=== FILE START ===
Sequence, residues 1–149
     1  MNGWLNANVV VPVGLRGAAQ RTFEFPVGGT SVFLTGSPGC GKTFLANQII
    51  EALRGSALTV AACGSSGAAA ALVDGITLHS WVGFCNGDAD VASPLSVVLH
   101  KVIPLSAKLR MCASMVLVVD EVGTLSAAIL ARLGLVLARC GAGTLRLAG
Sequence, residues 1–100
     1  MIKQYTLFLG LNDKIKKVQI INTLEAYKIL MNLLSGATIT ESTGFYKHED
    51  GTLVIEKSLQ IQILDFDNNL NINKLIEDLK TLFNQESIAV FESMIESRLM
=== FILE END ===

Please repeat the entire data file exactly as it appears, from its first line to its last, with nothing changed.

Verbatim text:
Sequence, residues 1–149
     1  MNGWLNANVV VPVGLRGAAQ RTFEFPVGGT SVFLTGSPGC GKTFLANQII
    51  EALRGSALTV AACGSSGAAA ALVDGITLHS WVGFCNGDAD VASPLSVVLH
   101  KVIPLSAKLR MCASMVLVVD EVGTLSAAIL ARLGLVLARC GAGTLRLAG
Sequence, residues 1–100
     1  MIKQYTLFLG LNDKIKKVQI INTLEAYKIL MNLLSGATIT ESTGFYKHED
    51  GTLVIEKSLQ IQILDFDNNL NINKLIEDLK TLFNQESIAV FESMIESRLM